A new poll conducted by Harvard School of Public Health (HSPH) shows that the U.S. public broadly supports increasing or maintaining spending on the federal Supplemental Nutrition Assistance Program (SNAP), formerly known as the Food Stamp Program.
Those same Americans, including a majority of people in the program, think it will be okay for the government to disallow purchasing sodas with taxpayer money. Given that the president carried the vote of everyone making under $50,000 while his opponent carried the middle class and the wealthy, Congress is expected to debate changes, including potential cuts, to SNAP and other components of federal nutrition policy in the coming months.
But with 15% of the country on the program, getting rid of it will be difficult. Supporters will claim it prevents hunger and poverty while critics see the increases as creating a class of voters dependent on government programs. Conservatives, however, seemed to be all for telling poor people what they could do with taxpayer money once they got it.
U.S. adults reported widespread support (77%) across all political parties and demographic groups for increased or maintained federal spending on SNAP. Americans also supported a range of policy proposals intended to help SNAP participants improve their diets, including:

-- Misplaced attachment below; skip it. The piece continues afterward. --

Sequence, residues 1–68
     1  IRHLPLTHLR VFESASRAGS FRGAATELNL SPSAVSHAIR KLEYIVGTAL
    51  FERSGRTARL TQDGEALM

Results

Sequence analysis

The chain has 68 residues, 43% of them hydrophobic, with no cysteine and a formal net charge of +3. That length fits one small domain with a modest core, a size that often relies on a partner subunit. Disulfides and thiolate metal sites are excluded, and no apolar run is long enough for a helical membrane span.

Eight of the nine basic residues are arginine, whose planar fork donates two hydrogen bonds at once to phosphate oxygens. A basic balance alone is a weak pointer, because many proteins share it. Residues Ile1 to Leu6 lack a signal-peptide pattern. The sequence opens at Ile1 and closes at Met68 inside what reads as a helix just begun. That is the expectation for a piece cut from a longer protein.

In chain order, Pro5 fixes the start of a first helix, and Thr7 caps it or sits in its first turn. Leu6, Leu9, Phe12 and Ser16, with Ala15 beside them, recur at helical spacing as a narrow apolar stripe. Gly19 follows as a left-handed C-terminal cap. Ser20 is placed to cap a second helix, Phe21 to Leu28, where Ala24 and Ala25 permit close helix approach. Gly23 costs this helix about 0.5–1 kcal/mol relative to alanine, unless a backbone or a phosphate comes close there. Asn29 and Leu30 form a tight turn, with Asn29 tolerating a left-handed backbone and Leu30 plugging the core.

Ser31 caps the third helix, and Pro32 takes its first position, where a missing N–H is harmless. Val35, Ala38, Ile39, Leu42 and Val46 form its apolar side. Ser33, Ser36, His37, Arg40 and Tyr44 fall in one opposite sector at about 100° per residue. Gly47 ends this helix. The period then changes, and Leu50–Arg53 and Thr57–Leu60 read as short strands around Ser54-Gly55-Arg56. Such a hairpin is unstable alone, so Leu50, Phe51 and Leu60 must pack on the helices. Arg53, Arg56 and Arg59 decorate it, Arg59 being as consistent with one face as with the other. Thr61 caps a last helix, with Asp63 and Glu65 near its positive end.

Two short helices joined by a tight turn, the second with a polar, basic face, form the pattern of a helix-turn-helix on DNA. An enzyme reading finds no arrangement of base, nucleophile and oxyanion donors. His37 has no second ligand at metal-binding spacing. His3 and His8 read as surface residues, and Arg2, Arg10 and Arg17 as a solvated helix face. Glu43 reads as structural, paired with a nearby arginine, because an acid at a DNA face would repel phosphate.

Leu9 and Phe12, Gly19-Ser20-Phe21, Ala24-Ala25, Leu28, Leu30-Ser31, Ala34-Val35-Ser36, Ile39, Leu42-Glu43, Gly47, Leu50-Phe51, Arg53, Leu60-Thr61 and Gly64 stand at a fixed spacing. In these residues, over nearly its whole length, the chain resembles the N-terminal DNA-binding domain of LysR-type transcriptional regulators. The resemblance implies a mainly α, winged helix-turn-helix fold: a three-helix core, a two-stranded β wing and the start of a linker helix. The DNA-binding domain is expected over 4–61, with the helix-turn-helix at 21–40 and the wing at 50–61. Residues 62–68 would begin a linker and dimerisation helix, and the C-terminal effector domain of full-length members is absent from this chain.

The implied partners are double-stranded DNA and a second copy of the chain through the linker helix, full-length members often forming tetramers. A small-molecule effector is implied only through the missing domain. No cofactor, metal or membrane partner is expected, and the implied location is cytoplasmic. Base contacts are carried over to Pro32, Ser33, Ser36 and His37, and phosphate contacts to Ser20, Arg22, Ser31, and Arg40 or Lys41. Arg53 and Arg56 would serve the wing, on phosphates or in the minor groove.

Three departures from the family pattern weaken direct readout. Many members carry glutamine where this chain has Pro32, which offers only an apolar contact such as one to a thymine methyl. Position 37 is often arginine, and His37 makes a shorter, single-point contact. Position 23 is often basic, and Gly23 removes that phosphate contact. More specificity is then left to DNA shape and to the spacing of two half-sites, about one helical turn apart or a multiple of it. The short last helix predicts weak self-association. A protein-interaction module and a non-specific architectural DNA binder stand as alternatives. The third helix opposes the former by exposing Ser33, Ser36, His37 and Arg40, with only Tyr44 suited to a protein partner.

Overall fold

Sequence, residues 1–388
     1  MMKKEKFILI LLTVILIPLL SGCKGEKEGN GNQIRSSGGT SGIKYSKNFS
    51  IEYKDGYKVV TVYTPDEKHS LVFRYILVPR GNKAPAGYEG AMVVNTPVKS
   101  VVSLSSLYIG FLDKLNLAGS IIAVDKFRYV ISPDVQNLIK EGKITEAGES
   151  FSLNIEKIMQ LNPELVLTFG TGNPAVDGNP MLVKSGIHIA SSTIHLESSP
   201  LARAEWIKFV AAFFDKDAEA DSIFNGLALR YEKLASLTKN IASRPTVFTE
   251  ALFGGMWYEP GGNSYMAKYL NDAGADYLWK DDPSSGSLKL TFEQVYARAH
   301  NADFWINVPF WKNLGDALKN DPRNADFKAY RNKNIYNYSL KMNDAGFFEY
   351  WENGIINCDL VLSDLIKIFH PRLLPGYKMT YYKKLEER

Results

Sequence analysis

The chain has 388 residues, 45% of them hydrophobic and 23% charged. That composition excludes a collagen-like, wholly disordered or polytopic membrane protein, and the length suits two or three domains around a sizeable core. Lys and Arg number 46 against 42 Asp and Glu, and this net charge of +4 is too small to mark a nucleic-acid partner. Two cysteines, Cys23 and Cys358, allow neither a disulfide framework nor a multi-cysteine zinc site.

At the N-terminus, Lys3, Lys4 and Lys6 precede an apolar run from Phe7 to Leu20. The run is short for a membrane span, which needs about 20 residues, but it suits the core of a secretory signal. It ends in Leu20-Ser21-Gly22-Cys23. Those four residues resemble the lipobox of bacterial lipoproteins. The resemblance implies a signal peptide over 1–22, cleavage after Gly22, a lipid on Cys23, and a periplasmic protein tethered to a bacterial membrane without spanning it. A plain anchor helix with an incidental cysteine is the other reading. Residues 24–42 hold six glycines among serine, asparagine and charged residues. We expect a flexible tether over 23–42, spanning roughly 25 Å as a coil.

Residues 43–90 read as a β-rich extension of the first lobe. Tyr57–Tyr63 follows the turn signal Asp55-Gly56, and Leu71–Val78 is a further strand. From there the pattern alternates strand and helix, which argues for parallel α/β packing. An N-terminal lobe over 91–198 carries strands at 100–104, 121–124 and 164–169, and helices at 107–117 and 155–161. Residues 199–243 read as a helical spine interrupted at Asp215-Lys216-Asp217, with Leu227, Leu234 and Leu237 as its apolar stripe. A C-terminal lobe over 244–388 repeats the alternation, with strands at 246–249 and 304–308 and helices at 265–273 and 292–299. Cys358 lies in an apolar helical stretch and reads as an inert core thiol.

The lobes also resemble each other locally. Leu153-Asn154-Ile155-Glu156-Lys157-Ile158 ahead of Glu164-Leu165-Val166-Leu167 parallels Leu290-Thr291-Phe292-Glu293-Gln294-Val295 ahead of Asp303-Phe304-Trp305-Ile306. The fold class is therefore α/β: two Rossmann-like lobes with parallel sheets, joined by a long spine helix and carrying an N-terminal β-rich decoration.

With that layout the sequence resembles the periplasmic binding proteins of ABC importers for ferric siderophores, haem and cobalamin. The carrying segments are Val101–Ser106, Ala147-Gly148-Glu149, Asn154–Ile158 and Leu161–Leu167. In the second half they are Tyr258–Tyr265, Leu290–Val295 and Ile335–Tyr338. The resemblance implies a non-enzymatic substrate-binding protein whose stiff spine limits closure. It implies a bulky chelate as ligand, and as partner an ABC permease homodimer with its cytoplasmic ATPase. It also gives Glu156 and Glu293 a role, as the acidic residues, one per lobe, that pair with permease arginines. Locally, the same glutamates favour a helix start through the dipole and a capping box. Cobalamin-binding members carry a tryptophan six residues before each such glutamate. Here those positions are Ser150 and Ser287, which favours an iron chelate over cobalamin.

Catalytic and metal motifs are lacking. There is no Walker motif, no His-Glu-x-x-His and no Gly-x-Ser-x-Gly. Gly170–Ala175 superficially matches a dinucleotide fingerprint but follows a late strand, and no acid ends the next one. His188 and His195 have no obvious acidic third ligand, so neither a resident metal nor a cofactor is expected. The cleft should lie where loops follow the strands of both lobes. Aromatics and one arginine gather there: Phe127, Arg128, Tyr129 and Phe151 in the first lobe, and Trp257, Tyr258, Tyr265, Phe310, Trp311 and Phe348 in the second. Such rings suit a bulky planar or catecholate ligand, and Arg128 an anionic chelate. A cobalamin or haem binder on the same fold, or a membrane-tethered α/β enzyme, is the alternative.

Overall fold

It used to be that the stigma of being on food stamps encouraged people to get jobs - oddly, stigma is not the argument against removing sugary drinks from the program's list of permissible purchases. The self-esteem of poor people will be damaged if they can't buy Pepsi with food stamps.
This is the first nationally representative poll to ask SNAP participants' how much they support the policy they benefit from - and they were okay without soda, if they got more money. The researchers found that a majority of SNAP participants (54%) who responded to this survey supported removing sugary drinks from SNAP benefits. Of the 46% of SNAP participants who when initially asked did not support removing sugary drinks, almost half (45%) subsequently supported removing sugary drinks when asked if they would support the policy if it also included additional benefits to purchase healthful foods.
The study's data were gathered from a nationally-representative random-digit-dialed landline telephone survey conducted by Harris Interactive between April 12 and April 22, 2012. The survey garnered responses from 3,024 adults, 418 of whom reported that their household had received SNAP benefits in the previous 12 months.
"The breadth of support for continued or increased funding for SNAP is gratifying; Americans really do want to extend a helping hand to those who are having difficulty putting food on their table," said Walter Willett, chair of the Department of Nutrition at HSPH and the paper's senior author. "However, the findings also clearly show that Americans want to do this in a way that supports, not undermines, the health of SNAP recipients, many of whom are children. The SNAP program clearly needs a tune-up to be sure that limited government resources are spent wisely."